The Deal: Pfizer's 3-Way Split Preps Company Long Term

NEW YORK (The Deal) -- As expected, Pfizer (PFE) announced last week its plans to split its generics business into a distinct unit. What analysts and investors didn't expect was that Pfizer would divide itself into three parts instead of just two.

Pfizer will formally separate into three distinct businesses and integrate emerging markets into each, with the separation of financials expected to begin starting with Pfizer's fiscal 2014, Chairman and CEO Ian Read said during the company's sales and earnings conference call with investors Tuesday, July 30.

Pfizer's generics business, now called the "value products group," includes brands that have lost their exclusivity and mature products expected to go generic by 2015. This sector also retains Pfizer's biosimilars portfolio.

Many investors believe the move is in preparation for a spinoff into a separate generics company or for an outright sale, but Pfizer isn't ready to say that.

The two other segments include the expected unit of drugs with exclusivity beyond 2015, called "innovative products" and led by Geno Germano. That unit, which was the one industry watches hadn't expected in the reognization, combines vaccines, oncology and consumer healthcare products, and will be headed up by Amy Schulman.

The rationale for the third unit, Read said, is that Germano's group is operationally and commercially quite different from the vaccines group. The products in Germano's group target a collection of large disease areas that are detailed to both primary care and specialist physicians. Contrast that to the vaccines business, which is smaller, with a distinct culture, dedicated research facilities and a research focus.

"I thought it was very important for those businesses to maintain their unique focus and extend it globally," Read said. Plus, he "didn't want vaccines to be subsumed into a larger primary care business."

"Each has a different operating model with distinct specializations around science, talent and market approach," Read noted.

The generics segment will maintain collaborations for broadening Pfizer's off-patent business, including its partnerships with Mylan Pharmaceuticals in Japan, China's Zhejiang Hisun Pharmaceutical and Laboratorio Teuto Brasileiro in Brazil.

Like several other lumbering pharma giants, Pfizer needed to do something to get lean and mean. It reported revenue of roughly $13 billion for the second quarter, down 7% from 2012's second quarter revenue of $14 billion. The downturn reflects loss of exclusivity for Lipitor and continued volatility in emerging markets.

Frank D'Amelio, Pfizer's chief financial officer, gave a succinct version of the new strategy's goal: "This is all about getting these three businesses to hum internally, to operate with excellence inside the company."

ISI Group analyst Mark Schoenebaum said in a research note that the three-split move "is really clever."

"If your entire goal is to move your stock by giving investors more clarity and allowing them to do a true sum of the parts," this is a great idea, he wrote. One of the three units could command a very high, biotech-like price/earnings ratio of 20 or higher, Schoenebaum suggests. He pegged Pfizer's P/E ratio now at about 12.5.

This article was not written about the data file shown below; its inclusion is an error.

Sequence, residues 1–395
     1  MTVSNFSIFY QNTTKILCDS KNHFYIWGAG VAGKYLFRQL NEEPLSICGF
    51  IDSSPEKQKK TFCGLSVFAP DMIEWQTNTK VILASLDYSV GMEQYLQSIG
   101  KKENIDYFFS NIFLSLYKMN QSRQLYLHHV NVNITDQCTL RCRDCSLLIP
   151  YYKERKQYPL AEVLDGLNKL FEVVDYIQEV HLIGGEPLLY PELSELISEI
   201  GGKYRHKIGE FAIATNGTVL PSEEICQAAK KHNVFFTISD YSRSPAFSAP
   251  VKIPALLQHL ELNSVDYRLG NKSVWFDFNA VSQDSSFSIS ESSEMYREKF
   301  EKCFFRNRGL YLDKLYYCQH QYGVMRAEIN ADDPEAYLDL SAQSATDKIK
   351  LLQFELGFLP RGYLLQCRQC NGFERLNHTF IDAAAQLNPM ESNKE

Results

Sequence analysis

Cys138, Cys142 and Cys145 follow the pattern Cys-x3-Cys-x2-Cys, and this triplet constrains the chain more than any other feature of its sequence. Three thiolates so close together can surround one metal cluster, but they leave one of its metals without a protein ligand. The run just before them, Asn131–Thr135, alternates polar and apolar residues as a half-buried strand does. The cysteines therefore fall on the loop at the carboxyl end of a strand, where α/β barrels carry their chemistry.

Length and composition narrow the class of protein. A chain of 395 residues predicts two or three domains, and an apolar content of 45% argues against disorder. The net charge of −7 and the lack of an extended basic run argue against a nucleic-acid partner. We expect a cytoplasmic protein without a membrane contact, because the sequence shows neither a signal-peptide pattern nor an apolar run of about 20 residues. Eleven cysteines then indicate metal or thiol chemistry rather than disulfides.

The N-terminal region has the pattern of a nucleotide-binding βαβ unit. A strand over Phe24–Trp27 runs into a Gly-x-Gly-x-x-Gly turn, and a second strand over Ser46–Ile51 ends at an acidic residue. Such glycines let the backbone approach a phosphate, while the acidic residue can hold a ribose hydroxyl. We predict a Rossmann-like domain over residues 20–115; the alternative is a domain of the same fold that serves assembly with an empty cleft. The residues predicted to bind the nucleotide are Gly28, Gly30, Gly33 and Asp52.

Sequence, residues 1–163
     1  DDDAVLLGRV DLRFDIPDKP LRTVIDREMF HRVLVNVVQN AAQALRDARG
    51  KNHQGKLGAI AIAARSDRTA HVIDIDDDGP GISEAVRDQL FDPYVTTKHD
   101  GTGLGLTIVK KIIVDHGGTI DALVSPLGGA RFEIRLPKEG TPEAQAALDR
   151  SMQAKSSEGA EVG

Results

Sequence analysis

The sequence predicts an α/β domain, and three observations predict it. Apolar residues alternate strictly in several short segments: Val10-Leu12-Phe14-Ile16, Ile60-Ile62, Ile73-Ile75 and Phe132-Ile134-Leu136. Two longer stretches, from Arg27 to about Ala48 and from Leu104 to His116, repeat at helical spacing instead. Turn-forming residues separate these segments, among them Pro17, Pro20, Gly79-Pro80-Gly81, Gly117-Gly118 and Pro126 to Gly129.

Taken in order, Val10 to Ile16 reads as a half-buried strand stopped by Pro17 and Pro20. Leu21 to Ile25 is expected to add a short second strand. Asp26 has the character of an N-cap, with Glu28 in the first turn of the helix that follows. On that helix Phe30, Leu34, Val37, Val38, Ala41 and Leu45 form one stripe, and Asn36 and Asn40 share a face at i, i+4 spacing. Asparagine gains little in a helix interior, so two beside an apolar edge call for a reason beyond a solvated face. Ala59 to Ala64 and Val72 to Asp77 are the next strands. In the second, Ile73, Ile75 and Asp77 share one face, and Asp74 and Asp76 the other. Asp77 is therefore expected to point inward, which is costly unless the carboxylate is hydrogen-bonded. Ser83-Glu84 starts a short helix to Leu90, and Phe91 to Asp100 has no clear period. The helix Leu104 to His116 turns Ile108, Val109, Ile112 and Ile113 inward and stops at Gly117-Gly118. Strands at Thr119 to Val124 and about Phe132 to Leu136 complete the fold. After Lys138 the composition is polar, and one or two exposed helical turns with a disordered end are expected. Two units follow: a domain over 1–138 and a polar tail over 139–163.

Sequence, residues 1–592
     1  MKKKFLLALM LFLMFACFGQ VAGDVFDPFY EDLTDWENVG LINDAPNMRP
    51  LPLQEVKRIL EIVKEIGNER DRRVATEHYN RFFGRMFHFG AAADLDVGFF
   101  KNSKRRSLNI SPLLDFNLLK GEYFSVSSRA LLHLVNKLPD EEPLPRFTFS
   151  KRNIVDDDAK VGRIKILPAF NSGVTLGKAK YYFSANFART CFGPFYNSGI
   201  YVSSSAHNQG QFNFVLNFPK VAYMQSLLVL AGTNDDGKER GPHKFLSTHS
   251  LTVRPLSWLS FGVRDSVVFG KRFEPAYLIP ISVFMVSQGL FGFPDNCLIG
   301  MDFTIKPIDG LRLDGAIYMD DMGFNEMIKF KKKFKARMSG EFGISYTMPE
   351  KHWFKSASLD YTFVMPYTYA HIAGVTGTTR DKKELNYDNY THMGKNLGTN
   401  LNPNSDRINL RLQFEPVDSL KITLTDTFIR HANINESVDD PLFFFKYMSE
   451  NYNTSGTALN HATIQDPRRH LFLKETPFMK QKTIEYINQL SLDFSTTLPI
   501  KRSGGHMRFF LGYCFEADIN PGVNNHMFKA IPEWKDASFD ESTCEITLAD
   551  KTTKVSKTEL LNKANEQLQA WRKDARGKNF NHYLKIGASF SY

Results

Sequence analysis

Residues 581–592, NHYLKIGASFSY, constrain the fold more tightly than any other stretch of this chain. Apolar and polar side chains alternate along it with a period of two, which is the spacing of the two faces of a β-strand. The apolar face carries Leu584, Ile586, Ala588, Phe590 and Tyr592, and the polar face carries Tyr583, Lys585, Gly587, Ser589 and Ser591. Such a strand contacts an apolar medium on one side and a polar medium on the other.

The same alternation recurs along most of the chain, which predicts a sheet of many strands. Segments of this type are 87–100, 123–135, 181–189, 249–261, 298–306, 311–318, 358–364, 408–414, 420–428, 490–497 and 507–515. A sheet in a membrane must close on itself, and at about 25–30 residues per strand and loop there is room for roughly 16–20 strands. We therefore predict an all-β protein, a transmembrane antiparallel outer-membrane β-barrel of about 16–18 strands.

Dividing a diversified life sciences business into something closer to pure-play sectors and then doing a split or spin into separate companies has worked for several firms to build value in the core. Abbott Laboratories ( ABT) spun off its research-based pharmaceuticals business, AbbVie ( ABBV), taking it public in January. At the end of June, Covidien ( COV) split off its drugs business, renamed Mallincrodt. Bristol-Myers Squibb ( BMY) spun off Mead Johnson & Co.

Such reorganizations take a while, though. Abbott had announced plans to split in two as far back as October 2011. Covidien said it would make the move a few months later, in December 2011.

Pfizer already started the restructuring ball rolling by spinning out and taking public Zoetis, its animal health unit. Hiving off Zoetis through a combined initial public offering and share swap rather than an outright sale allowed Pfizer to avoid a potentially large tax bill.

The company has sold two other multibillion-dollar businesses, Capsugel for $2.4 billion in 2011 to Kohlberg Kravis Roberts and its infant nutrition unit for $12 billion to Nestle in 2012. Pfizer used the funds from those sales to buy back shares. The divestitures have helped salve the pain from Pfizer's loss of market exclusivity for its blockbuster Lipitor.

As for most of big pharma, Pfizer will continue to analyze and complete any "bolt-on" drug licensing deals and smaller acquisitions--or bigger ones--that it sees as filling out its pipeline and adding value to the company. Those will be managed company-wide, using staff with the necessary expertise from whichever unit is necessary, Read said.In 2014,the company will reveal more detailed statements for each of the three units.

"We'll show direct costs and direct expenses," D'Amelio said. In 2015 those statements will be even more granular, he said.

D'Amelio said the company would need three years of audited financials prior to making a decision to split off or spinoff any of the three units. He confirmed on the call that those financials would be prospective. So don't expect a complete break-off of any of the three units from the parent company until 2017.

Of course, that doesn't mean a Valeant Pharmaceuticals ( VRX) couldn't come along before then and acquire one of them. Watch this space.

-- Written by Pamela Taulbee In New York

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